Sao Paulo Travel Blog

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What I would recommend to the program director of this study abroad: 

  • Keep the same dorm experience in Buenos Aires.  I know some students complained about it and will say to change it, but I found it worth the few negative aspects.  The atmosphere was very conducive to cultural learning by making it easy to meet argentines and students from around Latin America.  And regardless of what some may say, the amenities were nothing to complain about:  the food was delicious almost every meal (and it is important that there is food, because it would stink to be on your own for food for 5 weeks), the rooms were good.
  • But the staff of the residencia was not always very friendly or helpful.  If you know of any other places, it wouldn’t hurt to check them out, though I don’t think a change is necessarily needed. 
  • IMPORTANT one:  Negotiate about the internet before you commit.  It was very frustrating not having wireless internet in the residencia when we were paying for it.  Make sure that they will have enough IPs to give out.
  • Less time in Curitiba (though that isn’t to say I didn’t like it).  Maybe shave a day or two off Floripa/Sao Paulo as well so that the group can make it to Paraty.  I don’t know about Rio yet, we’ll be there soon enough, but Paraty is great and I think it would be better to maybe have less time in Curitiba, spread out the finals more, and be able to spend a day or two in Paraty. 
  • IMPORTANT one:  if you do the blogs again, highly encourage everyone to bring computers.  It has been frustrating for others to have to borrow computers or walk far to find internet cafés, as well for me loaning out my computer and having a few accessories lost/broken as it is passed around. 
  • Internet has been more or less available in the places we’ve gone, but take special care to look into Internet availability wherever the group stays next year. 
  • I’m not sure what system you used last year for assignments, but I felt the blog idea worked out well.  It would be good to reduce the cultural ones from 4 to 3.  Group blogs are a must - I learned so much by working with others, groups are key.  I don’t know how stressful/difficult it was to get the equipment and make the videos last year, but I thought it might have been cool. 
  • Bringing along the Argentines was a GREAT idea.  They really mixed things up, provided great insight for the blogs and course material, and kept the group fresh, injected a fresh element into the group.  Important after having already been together for 5 weeks.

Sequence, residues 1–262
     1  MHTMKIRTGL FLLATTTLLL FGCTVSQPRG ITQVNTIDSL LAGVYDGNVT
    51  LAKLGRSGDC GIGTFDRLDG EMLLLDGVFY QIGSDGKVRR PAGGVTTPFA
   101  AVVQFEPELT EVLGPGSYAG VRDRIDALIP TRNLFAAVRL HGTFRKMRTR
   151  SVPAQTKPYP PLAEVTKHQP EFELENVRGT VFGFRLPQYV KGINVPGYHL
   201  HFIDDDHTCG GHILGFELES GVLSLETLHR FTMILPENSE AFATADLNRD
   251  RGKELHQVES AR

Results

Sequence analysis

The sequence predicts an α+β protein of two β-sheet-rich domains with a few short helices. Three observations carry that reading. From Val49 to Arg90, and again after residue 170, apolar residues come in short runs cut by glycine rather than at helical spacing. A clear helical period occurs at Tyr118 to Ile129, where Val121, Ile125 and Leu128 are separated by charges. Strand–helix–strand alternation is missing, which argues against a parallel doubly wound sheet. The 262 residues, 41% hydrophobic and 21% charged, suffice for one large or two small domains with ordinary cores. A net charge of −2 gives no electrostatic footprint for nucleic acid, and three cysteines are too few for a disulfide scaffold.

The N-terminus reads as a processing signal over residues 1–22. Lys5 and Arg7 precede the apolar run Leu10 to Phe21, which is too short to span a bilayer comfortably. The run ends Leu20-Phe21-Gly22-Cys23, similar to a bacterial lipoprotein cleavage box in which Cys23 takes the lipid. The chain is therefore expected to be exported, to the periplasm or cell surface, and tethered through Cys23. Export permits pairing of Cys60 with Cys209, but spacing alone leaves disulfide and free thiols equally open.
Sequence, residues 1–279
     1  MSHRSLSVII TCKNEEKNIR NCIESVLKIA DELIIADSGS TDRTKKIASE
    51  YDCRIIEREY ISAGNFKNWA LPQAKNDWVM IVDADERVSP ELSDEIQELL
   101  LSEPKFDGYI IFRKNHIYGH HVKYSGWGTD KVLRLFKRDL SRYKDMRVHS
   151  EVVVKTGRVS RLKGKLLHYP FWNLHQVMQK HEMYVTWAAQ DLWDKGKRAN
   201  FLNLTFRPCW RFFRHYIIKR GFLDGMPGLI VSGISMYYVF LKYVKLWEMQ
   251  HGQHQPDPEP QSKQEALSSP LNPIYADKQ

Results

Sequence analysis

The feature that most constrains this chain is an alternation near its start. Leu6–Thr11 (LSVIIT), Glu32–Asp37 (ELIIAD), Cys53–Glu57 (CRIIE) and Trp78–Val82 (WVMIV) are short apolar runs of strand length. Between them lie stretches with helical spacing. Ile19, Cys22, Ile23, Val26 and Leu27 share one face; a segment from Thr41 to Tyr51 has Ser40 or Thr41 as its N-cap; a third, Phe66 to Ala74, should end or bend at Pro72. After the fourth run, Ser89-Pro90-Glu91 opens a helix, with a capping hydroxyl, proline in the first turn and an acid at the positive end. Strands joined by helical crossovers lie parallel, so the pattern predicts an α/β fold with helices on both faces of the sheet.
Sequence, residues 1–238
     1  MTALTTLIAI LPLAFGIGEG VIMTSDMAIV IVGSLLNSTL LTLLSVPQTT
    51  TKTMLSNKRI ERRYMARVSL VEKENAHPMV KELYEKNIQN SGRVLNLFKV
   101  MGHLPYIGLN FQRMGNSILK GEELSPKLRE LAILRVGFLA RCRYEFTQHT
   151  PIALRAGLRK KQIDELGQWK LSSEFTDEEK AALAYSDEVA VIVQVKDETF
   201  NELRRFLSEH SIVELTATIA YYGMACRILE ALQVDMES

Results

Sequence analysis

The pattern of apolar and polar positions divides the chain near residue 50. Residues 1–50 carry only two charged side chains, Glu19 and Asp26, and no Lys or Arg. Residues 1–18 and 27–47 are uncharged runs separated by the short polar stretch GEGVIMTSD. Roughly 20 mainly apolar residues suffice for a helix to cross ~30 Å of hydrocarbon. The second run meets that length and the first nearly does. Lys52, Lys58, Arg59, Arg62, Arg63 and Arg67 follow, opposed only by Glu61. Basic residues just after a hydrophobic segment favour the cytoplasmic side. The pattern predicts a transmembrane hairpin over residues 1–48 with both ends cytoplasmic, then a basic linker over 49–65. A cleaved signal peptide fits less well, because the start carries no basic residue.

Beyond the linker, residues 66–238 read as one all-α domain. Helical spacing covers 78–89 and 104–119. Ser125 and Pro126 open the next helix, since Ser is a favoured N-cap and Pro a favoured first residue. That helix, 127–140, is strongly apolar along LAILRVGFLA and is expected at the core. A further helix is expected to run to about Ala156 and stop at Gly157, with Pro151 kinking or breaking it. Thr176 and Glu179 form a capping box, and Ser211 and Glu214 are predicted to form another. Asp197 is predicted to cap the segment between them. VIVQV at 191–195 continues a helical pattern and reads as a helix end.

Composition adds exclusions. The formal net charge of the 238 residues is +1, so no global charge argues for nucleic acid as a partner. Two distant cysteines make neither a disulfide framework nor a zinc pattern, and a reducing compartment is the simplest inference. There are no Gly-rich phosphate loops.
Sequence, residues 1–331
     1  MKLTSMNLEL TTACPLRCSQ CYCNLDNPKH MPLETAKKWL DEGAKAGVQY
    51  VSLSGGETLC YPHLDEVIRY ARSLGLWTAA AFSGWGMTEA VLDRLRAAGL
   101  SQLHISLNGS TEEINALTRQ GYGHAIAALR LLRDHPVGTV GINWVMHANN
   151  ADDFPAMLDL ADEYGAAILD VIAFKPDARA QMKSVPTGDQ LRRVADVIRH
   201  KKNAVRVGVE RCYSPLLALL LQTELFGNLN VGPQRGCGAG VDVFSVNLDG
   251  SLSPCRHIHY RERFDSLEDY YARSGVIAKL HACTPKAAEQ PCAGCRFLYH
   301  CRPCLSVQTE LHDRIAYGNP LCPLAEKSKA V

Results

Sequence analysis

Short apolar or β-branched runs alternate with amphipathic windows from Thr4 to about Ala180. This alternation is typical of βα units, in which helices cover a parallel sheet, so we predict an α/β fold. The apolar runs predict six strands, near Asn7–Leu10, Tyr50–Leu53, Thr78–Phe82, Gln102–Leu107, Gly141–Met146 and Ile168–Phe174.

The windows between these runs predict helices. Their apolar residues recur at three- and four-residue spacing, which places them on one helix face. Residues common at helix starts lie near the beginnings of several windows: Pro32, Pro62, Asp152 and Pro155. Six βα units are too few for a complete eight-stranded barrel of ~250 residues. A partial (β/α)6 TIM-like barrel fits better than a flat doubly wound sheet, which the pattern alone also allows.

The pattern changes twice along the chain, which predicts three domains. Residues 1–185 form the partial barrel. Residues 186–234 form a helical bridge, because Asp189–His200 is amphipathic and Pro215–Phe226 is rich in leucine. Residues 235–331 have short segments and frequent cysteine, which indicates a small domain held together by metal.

• Site visits - were awesome!  I think you did a great job lining up the site visits.  We got to hear from some really great speakers and people who knew what they were talking about.  All the ones in Argentina were great, especially the tours and going to see the guy in the Argentine government.  I also enjoyed all the ones in Curitiba, though others may disagree.  I think it is important to get information from the source, because you can deduce a lot from what they say and the surroundings, more than just what they tell you.  It’s also much more interesting than just having lectures to get that info.
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This blog is all gossip.  Its not about Brazilian culture or some really cool experience.  Its about group dynamics.  Living with and hanging out with all the people on this study abroad trip has been a very interesting experience.  With a group of this size that spends so much time together, issues are bound to arise. 


The amount of gossiping blew me away.  Not to say that I didn’t do my fair share, but I have never been around or involved in so much of it with my friends back home.  In Buenos Aires there was less drama and issues I think because we were still getting to know each other.  But as time went on, problems began to crop up between people and the talking behind the back was vicious. 


You don’t want to hear about all the different issues and gossip, so I’ll just tell you how it all affected me and what I got out of it.  At first I really enjoyed the gossip.  I’ve always been one to really repress gossiping and try not to involve myself in it, but while in BA I consciously made a decision to allow myself to gossip if I felt like it, and I accepted the fact that it meant others would be sure to gossip and say bad things about me as well.  It was fun for most of the trip, but it got a little old toward the end – people were saying the same things about the same people, and I just didn’t feel like listening to the bashing anymore. 


I probably gossiped about everyone at some point, but there were a few people that I would single out more because, to put it nicely, I particularly didn’t care to hang out with them.  For most of the trip, I would just try to avoid these few people and not spend time with them or talk with them if I could help it.  But as time passed I realize that I could find redeeming qualities in all of them, and I started to try to be nicer to them and not avoid them as much.  As a result, I began to enjoy myself around them better.  I really had no choice because we are all living in such proximity and do so many things together that I had to do something.  This is very important and good for me because, last semester as a PL (housing staff, like an RA), I had some residents that I just couldn’t stand and I really didn’t know how to handle it; I did not treat them as well as a PL should. 


This study abroad has taught me a lot about interpersonal relationships, both friendly and romantic (though no romantic ones with anyone on this trip), and how to look past annoyances and how to overcome problems I may have with someone.

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photo by: Eric